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Topic: Idea for micro, add USB pins (Read 672 times) previous topic - next topic

kocil

Dec 19, 2013, 04:22 am Last Edit: Dec 19, 2013, 04:41 am by kocil Reason: 1
Dear Arduino developers.
Thanks for the wonderful products.
We have been using Arduino for teaching microprocessor for more than 6 years,
using the Duemilanove and the Uno series.
Now, we are going to purchase a new batch, which is Leonardo.
However, one thing bothers us ... the USB connector is so small.
We afraid that the students will easily break it.

So we are looking at the Micro series.
We intend to put it on a larger shield, with the big USB connector there,
but alas, it is not possible, because the USB's D+ and D-
are not available in the pins.
We consulted the schematic, pin no 7 and 8 are still unconnected.
May we ask an improved version, with D+ and D- on those pins ?

Thank you very much.

Nick Gammon

I just want to warn you, the Leonardo and similar (Atmega32U4-based) devices can be a pain to program. Because the serial interface, and the processor, are on the same chip (unlike the Uno, Duemilanove etc.) you sometimes have to try two or three times to get code to upload.

Yesterday, for example I had to reboot my Mac, when it just refused to upload a sketch.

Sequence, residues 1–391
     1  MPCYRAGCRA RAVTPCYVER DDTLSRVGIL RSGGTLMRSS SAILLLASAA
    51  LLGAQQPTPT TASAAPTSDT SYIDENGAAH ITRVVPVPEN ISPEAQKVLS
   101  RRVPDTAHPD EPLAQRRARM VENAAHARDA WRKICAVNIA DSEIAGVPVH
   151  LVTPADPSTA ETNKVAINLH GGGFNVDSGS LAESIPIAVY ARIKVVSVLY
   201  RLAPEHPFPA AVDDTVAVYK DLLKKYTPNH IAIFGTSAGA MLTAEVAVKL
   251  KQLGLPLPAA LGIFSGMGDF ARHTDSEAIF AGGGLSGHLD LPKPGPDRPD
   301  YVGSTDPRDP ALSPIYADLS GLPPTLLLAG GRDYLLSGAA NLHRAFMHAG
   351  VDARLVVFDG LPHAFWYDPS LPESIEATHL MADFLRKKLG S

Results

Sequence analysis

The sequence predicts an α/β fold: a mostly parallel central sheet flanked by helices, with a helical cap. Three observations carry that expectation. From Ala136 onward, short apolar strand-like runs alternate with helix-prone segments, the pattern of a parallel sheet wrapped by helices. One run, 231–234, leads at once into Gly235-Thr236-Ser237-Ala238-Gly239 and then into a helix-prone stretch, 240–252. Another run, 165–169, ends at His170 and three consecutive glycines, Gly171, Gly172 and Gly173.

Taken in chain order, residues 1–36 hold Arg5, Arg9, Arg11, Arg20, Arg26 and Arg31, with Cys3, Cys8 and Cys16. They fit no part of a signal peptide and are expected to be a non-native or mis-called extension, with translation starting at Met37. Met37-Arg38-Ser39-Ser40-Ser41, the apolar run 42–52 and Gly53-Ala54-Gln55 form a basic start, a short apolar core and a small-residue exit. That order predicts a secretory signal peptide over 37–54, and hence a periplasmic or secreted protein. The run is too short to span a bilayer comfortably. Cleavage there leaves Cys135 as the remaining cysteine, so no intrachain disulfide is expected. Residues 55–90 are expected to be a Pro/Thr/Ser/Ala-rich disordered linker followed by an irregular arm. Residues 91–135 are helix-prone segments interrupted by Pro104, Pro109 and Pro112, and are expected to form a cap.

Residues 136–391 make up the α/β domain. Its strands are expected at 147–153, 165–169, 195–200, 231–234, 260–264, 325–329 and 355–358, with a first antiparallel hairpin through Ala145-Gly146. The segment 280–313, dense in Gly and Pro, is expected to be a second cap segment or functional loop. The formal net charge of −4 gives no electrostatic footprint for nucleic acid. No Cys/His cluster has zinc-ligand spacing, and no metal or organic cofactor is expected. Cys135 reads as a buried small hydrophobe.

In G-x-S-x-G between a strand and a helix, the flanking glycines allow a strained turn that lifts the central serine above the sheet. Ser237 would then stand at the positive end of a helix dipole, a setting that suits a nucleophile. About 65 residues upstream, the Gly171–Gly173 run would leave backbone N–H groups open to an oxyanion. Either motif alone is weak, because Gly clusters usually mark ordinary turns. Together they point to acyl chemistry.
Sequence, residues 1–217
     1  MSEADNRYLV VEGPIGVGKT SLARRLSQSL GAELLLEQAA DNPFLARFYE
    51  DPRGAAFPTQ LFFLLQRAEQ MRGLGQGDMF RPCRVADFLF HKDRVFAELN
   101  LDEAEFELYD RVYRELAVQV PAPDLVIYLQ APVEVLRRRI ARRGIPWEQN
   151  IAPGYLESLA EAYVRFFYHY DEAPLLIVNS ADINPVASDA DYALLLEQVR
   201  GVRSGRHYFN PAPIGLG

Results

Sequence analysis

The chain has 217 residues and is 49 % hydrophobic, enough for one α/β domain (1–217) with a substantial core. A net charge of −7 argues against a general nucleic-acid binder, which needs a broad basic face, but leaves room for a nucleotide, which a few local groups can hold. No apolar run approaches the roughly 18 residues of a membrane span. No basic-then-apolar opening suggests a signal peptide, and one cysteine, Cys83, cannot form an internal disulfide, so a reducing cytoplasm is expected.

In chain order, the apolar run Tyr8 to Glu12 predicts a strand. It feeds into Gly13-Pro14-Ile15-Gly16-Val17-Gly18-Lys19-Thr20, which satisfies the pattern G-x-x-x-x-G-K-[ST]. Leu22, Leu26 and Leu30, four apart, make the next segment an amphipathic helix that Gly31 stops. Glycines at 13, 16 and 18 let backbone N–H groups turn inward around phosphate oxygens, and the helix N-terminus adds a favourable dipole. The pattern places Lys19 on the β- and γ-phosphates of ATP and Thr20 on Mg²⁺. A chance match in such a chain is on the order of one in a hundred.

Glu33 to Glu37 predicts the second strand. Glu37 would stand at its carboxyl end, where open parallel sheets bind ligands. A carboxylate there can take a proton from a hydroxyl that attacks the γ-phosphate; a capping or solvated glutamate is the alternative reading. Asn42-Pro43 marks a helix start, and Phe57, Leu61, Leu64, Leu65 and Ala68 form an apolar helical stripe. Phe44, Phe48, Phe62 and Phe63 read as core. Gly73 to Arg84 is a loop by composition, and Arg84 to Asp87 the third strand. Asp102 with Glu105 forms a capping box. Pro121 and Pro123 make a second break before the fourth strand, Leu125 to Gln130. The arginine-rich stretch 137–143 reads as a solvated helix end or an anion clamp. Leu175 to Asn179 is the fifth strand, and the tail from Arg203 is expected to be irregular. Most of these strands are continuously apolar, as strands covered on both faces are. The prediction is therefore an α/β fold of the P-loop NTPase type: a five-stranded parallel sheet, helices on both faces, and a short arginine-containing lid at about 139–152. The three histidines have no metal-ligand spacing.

If you want the USB interface (eg. to emulate keyboards, mice etc.) then you need to use them (the 32U4 boards), but otherwise I would stick with the older boards.
http://www.gammon.com.au/electronics

kocil

Thanks for the warning.
Yeah, actually I prefer the older UNO one, because of the USB connector reason.
Your consideration just add another reason to stick with UNO.
But ... it will be discontinued and replaced by Leonardo, won't it ?

Nick Gammon

I hope not. It's a totally different processor.
http://www.gammon.com.au/electronics

Grumpy_Mike

Quote
it will be discontinued and replaced by Leonardo, won't it

No way.

Nick Gammon

Besides which, there are plenty of Uno lookalikes around (to say nothing of illegal copies). As one example:



That cost me around $15. I had to solder it together but it wasn't particularly onerous. A good starting job if you are teaching microprocessors and electronics.
http://www.gammon.com.au/electronics

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